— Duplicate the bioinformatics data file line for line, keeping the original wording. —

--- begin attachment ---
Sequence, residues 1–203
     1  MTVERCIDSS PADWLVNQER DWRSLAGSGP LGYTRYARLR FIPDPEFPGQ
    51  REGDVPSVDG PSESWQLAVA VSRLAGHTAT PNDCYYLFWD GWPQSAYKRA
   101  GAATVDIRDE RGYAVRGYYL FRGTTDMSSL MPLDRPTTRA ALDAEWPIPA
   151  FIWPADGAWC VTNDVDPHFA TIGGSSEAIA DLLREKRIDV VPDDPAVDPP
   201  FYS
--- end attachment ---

Sequence, residues 1–203
     1  MTVERCIDSS PADWLVNQER DWRSLAGSGP LGYTRYARLR FIPDPEFPGQ
    51  REGDVPSVDG PSESWQLAVA VSRLAGHTAT PNDCYYLFWD GWPQSAYKRA
   101  GAATVDIRDE RGYAVRGYYL FRGTTDMSSL MPLDRPTTRA ALDAEWPIPA
   151  FIWPADGAWC VTNDVDPHFA TIGGSSEAIA DLLREKRIDV VPDDPAVDPP
   201  FYS